Peace is the result of retraining your mind to process life as it is, rather than as you think it should be. The daily life can be busy, hectic and at times overwhelming. It may sometimes feel like bringing just a little more inner peace and calmness into your life is a hopeless wish. But it doesn’t have to be that way. Small and smart changes can over time make a big difference.
Inner peace is a choice, and many of your habits determine how much peace you experience in your daily life. The original humans didn’t live in a 3-bedroom ranch and eat microwave popcorn. Take a long walk in the park or spend a weekend camping. You’ll feel dramatically different compared to sitting in a building 24 hours every day. It’s too easy to allow society dictate your choices. You don’t have to spend your life on a career that’s impressive to others. You don’t have to chase after a fancy house. Make your own decisions about what’s most important to you.
While many find a kind of spirituality when practicing inner peace and Buddhist teachings, and while learning Buddhism certainly helps with the personal journey towards true inner peace, the ideas behind inner peace can also be just as practical, applicable to your daily life. To understand what inner peace is, we must understand what inner peace isn’t. Inner peace isn’t:
- Being passive and letting life pass you by
- Being calm and never having any fun
- Turning down opportunities to grow your life and do new things
- Having no more energy because you’re keeping it all inside
- Becoming a quiet, reserved, and even timid individual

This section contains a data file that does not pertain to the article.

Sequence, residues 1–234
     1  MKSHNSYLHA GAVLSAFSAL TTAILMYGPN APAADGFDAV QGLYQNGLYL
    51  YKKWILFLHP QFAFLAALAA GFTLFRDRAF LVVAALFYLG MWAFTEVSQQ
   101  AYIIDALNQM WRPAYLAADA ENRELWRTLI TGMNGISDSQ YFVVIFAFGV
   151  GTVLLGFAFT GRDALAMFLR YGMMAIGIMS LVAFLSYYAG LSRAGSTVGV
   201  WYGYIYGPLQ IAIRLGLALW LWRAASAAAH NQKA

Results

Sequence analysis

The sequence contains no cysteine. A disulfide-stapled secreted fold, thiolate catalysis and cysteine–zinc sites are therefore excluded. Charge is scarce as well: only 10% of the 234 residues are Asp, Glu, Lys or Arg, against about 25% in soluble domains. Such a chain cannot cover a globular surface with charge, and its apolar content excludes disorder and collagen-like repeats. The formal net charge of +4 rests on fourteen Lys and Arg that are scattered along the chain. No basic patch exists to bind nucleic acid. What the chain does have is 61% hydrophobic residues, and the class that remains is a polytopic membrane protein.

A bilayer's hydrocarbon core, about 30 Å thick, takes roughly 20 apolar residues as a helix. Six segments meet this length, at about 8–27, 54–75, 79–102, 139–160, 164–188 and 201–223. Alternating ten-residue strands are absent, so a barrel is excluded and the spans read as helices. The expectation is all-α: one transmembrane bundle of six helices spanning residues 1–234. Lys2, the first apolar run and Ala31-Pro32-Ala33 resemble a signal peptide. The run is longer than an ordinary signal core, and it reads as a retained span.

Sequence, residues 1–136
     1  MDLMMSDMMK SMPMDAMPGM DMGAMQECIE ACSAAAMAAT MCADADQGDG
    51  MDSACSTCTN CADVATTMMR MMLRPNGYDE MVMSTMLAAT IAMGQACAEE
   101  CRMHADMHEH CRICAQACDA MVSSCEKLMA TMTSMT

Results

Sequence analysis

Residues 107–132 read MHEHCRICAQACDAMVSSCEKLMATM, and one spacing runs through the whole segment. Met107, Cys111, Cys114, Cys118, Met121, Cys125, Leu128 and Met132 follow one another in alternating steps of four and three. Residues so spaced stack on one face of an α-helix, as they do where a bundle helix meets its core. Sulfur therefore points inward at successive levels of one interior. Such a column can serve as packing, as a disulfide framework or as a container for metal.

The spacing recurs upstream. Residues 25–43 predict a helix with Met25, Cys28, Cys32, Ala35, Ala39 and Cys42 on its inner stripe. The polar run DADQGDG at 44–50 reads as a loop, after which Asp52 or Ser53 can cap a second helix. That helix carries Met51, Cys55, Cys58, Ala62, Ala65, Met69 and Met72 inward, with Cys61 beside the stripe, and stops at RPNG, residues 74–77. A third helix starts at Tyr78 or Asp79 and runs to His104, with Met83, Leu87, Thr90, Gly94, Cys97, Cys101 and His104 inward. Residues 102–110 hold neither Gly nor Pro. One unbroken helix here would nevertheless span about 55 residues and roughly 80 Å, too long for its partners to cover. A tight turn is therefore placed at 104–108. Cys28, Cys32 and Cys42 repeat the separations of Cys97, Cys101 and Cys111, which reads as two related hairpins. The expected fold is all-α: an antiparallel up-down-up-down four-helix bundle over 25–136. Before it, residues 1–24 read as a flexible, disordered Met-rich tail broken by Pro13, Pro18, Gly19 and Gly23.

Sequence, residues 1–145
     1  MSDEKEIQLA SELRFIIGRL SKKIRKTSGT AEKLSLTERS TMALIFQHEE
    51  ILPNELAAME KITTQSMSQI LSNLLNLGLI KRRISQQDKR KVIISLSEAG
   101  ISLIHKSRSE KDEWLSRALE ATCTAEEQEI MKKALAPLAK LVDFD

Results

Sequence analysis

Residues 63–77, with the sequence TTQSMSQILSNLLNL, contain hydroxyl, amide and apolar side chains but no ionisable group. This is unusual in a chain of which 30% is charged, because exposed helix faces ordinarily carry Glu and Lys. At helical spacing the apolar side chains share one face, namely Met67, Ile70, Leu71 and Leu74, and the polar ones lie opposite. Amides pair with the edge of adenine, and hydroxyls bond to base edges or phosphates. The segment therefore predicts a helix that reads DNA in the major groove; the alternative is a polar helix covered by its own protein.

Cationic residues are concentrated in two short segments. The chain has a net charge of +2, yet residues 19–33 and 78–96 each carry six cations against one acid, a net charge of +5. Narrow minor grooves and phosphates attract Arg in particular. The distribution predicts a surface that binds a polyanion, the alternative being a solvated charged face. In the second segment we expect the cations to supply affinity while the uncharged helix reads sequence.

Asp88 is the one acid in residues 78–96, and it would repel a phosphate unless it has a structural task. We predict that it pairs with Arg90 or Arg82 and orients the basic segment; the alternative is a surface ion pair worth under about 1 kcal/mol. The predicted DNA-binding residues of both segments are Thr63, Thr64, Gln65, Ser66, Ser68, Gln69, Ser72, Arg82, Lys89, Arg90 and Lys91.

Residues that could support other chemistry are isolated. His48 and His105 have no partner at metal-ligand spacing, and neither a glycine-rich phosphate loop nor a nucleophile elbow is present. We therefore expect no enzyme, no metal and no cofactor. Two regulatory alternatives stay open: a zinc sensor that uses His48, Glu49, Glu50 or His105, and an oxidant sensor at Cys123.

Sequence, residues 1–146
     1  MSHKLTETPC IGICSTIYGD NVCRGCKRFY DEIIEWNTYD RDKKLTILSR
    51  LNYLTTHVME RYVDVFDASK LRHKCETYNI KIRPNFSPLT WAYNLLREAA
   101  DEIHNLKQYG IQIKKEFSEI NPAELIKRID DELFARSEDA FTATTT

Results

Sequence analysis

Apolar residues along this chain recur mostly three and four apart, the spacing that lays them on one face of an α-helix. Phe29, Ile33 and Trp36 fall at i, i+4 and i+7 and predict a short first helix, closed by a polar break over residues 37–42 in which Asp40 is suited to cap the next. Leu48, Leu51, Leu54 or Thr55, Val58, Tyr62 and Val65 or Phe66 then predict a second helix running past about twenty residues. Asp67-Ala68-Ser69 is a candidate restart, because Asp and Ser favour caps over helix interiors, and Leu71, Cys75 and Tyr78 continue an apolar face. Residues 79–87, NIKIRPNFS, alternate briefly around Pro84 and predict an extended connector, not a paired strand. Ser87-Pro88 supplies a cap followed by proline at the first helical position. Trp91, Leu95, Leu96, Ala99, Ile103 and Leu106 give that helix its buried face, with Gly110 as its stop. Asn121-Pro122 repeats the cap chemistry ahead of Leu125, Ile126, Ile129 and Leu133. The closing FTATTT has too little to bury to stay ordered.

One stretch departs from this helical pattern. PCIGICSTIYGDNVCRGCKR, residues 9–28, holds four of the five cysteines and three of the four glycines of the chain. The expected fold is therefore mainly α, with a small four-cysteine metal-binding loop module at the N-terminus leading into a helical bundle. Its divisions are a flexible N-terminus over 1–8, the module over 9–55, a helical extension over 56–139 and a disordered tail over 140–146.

Inner peace is a long and winding journey that no one can walk with us. The specifics of this journey vary from person to person, the things we need to overcome mentally and psychologically to reach a place where we can truly be at peace with ourselves.
The fixation on how happy we are — especially compared to those around us — has become an unhealthy obsession in modern culture. Even if we’re currently satisfied and happy, we let ourselves feel down just because we don’t feel “as happy” as we think we should be feeling. We need to let go of the social parameters and judge our feelings only by what they are, rather than what we think they should be.
The best way to think about inner peace is some sort of muscle. Like any muscle in the body, you don’t start with a strong, buff version of it. If you want to make the most of your muscle, you have to constantly work towards building it. The best thing about treating inner peace as a muscle is its accessibility. Every single person on Earth has this special muscle.
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